Gontse Ntshegang retells history in The Parrot Woman show

Actor goes back to theatre after a five-year break

TV and film actor Gontse has it all - beauty, grace, education and a good career.
TV and film actor Gontse has it all - beauty, grace, education and a good career.
Image: Supplied

Actress Gontse Ntshegang returns to theatre after a five-year hiatus focusing on TV and film.

Ntshegang is part of The Parrot Woman which opened at the Market Theatre in Joburg last month with positive reviews. 

The story of The Parrot Woman is one of those shows that open old scars and taking one to the dark days of segregation because of its subject matter. The story is set against the harsh backdrop of the Anglo-Boer War of the previous century. While many African countries experienced slavery, South Africans were incarcerated in concentration camps during the Anglo-Boer War, which started in 1899 and lasted until 1902.

Ntshegang, one of the notable products of National School of the Arts, plays the role of Christine, a woman who was transferred to a concentration camp where she was held captive in a cage and guarded by the unwilling British soldier who seeks the truth surrounding the murders in a game of ritual and escapism. The enthusiastic Soweto-born actress is excited to be part of a powerful story that relates SA history.  

“I love this show because it deals with issues of land and identity. It is important and I love history. We don’t know things that are truthful because our history was distorted. So, we never know what is really true and what is not. So this is important for me.

“As much as we believe that there was no slavery in SA, it did happen. People lost everything they owned and were forced to work before they could earn. Those issues are very important to me.”

TV and film actor Gontse appearing in a theatre show The Parrot Woman at Market Theatre in Newtown.
TV and film actor Gontse appearing in a theatre show The Parrot Woman at Market Theatre in Newtown.
Image: Suzy Bernstein

Ntshegang believes that the story is a wake-up call to black people because what happened during Anglo-Boer War still happens today. The 39-year-old says the story deals with identity, human interaction and war.

“The story shows how people were forced to do something against their will because of Anglo-Boer War. So it goes back to the land issue. It was Boers fighting for the land which they did not own. They end up taking our own people and enslaving them in their own land. We still need to distribute the land to the rightful owners. And we still need to tell the whole truth about people who died in those concentration camps. The show is trying to make people aware that we keep making the same mistakes and expecting different results.”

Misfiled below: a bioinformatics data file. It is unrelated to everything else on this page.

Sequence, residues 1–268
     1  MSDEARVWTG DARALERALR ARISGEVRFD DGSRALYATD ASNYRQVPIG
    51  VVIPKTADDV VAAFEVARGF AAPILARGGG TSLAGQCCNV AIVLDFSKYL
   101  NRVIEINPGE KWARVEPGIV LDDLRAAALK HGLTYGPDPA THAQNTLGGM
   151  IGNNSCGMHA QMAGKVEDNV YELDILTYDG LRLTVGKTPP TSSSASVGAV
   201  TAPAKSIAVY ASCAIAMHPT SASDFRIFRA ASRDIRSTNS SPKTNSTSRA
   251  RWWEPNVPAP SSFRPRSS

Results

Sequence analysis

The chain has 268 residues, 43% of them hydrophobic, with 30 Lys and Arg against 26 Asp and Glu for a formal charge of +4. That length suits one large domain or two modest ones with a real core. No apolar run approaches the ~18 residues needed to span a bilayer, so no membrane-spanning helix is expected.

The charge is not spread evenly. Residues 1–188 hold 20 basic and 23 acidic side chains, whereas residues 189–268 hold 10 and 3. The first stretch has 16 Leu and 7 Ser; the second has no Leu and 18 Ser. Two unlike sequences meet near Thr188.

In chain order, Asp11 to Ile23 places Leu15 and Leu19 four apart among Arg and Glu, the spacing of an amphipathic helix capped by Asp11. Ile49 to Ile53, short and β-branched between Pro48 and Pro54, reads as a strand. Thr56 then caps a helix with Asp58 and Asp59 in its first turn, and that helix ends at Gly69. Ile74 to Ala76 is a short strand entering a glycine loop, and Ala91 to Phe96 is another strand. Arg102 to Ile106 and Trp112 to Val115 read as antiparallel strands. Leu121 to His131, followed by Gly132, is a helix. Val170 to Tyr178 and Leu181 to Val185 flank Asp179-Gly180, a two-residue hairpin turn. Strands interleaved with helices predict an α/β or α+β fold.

The Parrot Woman has been given a month-long season and the show has been taxing to the actress physically, mentally and emotionally. Ntshegang, who is known for her role as Keketso Khoza in Rhythm City, narrate the story sitting in a steel cage placed right at the centre of theatre. The whole exercise hurts her knees but she enjoys everything that comes with it.  

“The role is a work on its own and it takes a lot to carry the story while making sure that you come out as truthful as possible. It really affects me as a woman when I think that a body of a black woman was a threat then and it is still the case even now. The issue of gender-based violence, femicide and trafficking of women seem to be a proof of that. But what it makes it challenging is that I have to go to the psychology of what it was like to be a woman at the time and deal with traumatic experiences that women experienced at the time.”

The outspoken Ntshegang last appeared in a theatre production in 2016 in Six Characters in Search of an Author staged at Market Theatre. She returns to stage acting to play a lead role alongside talented actor Andre Lotter, who plays the role of Venter. Trained in stage and at Wits University, Ntshegang has been missing being in front of live audience.

“I missed theatre so much. It came at a time when I was waiting for something that would challenge me and  take me out of my comfort zone. I wanted something that will take me from the celebrity mentality and make me feel like a normal person again.

“I've been doing this for a very long time and theatre is something that is a starting point for me. You can go anywhere but you will always have to come back to it because it will refine your art.”

The theatre show is not only the thing that makes Ntshegang happy these days. Her other show The Brave Ones, that was shot last year, is set to premiere in Netflix in September 16. She stars alongside Sthandile Nkosi, Nomalanga Nkosi, Bonko Khoza, Keke Mphuthi and Tony Kgoroge among others. The story is about an almighty goddess reincarnated as a young woman and she must harness her divine powers to avenge her sister's death and protect her family from destruction.

Despite having it all – beauty, education and a good career – Ntshegang remains grounded. With vast acting experience, she has appeared in most of the local soapies, drama series and telenovelas. She also holds a BA in dramatic arts from Wits University.

The actor has been on shows like Scandal!, Rhythm City, Zabalaza, Inkaba, Soul City, The Queen, Ashes to Ashes, Bone of My Bones, Hillside, Isidingo, Inkaba, Mfolozi Street and many more.

Catch The Parrot Woman at the Market Theatre until September 24.

Fact File

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Favourite actor: Jack Nicholson

Favourite TV show: Chopped

Favourite film: The Favourite

Favourite music: Jazz, kwaito, R&B

Favourite food: Ting

Favourite saying: Be kind, be humble

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